September 15, 2009

Clarification of Purpose and Libertarian Foot Stamping

Justin Katz

First a statement of something that I would have hoped has been clear: I believe I speak for all of the contributors to Anchor Rising when I say that we are not doing this to build readership for the sake of building readership. We're writing to explain our opinions and advocate for what we believe to be right. Bottom line. If readers cannot stomach, say, my opinions on social matters coexisting with my opinions about smaller government, then I'm not the writer for them. I'd argue that they are missing the point that the beliefs on social issues inherently coincide with the beliefs in small government, but perhaps they should look elsewhere for arguments that support their causes in a way that they can tolerate; we'll be fine.

The subject comes up in response to a thread started by Dan in the comments to Marc's post on prostitution, starting with this:

More of the blatant hypocrisy that is going to ultimately collapse the so-called "conservative" movement in the United States from within.

"We are for small government. Get government out of our lives! Smash the bureaucracy! Personal Responsibility! Reduce the spending! Reduce the cost of government!"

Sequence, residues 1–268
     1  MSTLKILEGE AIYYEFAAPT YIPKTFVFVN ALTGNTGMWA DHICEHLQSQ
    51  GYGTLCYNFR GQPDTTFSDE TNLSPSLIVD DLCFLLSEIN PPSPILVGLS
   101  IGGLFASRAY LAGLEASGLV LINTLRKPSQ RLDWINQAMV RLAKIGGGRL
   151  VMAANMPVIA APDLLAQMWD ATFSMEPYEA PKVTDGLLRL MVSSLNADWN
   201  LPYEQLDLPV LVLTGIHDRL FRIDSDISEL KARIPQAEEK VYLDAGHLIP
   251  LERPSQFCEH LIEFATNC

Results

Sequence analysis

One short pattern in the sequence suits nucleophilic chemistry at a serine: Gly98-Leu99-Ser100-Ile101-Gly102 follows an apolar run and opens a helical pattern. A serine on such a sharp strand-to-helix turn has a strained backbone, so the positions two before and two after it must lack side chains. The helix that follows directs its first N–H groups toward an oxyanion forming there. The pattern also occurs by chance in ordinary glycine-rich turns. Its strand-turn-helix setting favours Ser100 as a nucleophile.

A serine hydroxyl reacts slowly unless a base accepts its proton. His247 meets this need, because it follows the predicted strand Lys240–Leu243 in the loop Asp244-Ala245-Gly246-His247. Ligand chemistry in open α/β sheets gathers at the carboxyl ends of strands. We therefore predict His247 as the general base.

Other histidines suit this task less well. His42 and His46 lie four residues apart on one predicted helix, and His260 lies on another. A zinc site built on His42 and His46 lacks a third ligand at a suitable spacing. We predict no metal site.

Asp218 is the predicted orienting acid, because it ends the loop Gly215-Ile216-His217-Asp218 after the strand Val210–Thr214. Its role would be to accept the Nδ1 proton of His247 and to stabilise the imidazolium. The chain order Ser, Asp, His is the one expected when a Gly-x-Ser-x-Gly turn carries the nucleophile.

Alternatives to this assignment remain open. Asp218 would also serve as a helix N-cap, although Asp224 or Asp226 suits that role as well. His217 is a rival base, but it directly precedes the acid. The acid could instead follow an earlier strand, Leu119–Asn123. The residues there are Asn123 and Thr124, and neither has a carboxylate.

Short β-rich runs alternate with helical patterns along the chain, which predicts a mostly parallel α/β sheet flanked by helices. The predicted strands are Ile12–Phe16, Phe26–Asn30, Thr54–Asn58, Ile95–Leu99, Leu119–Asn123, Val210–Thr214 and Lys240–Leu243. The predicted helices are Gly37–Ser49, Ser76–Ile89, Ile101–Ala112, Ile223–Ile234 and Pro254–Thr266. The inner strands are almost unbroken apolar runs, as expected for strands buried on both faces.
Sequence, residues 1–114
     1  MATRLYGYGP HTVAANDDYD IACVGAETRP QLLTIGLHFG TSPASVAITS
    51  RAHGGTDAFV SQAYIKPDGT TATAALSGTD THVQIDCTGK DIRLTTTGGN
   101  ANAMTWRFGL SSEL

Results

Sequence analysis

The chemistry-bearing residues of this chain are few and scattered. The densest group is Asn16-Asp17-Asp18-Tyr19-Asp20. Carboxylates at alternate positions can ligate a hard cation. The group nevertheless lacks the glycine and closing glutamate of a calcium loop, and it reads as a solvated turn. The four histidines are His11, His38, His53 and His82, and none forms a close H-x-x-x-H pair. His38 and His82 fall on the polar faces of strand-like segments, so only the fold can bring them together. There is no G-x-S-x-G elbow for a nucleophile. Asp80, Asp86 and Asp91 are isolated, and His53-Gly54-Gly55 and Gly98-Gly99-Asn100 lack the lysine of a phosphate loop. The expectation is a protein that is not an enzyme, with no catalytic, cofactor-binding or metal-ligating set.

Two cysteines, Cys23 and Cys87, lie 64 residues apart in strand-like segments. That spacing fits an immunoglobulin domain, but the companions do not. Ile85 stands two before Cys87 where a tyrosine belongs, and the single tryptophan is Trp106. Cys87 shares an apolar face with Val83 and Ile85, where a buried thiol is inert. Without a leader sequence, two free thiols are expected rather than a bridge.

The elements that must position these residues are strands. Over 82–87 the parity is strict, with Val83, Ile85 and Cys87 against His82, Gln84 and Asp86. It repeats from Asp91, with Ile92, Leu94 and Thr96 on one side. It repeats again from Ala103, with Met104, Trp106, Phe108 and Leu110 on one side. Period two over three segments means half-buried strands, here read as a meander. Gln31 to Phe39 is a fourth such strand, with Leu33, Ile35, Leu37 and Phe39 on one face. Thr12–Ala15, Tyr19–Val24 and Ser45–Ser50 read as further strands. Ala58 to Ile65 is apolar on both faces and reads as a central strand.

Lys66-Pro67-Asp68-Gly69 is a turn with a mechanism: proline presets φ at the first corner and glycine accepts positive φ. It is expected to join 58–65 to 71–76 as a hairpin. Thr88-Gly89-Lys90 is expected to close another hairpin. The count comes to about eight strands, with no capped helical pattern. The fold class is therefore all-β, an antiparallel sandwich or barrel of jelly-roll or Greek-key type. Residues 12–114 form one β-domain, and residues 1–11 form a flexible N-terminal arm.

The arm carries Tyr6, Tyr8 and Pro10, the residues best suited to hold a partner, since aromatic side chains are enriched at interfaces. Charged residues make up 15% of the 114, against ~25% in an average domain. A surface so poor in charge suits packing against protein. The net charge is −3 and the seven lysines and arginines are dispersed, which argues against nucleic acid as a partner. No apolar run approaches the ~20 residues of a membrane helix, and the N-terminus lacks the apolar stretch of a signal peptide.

"Oh, except for the following issues: prostitution, illegal immigration, drug war, military spending, abortion, homeland security, foreign interventionism, in which we are for HUGE government."

I think even the average 10-year-old would be capable of seeing the arbitrariness and inconsistency of it all. Well, good for independents and libertarians, I suppose.

My response, in summary, is that I explicitly believe in the construction of as small and disengaged a government as possible, in conjunction with as much right to determine the regime under which one lives as possible. On the first count, cycle through Dan's list of particulars: Is more bureaucracy required to make prostitution a crime or to regulate an occupation so closely in league with drugs, violence, and disease (both physical and social)? Would it increase or decrease the "cost of government" to enforce laws that forbid unauthorized entry into the country and the hiring of those who have entered it illegally, or to manage a massive underclass of migrant workers and state-dependents?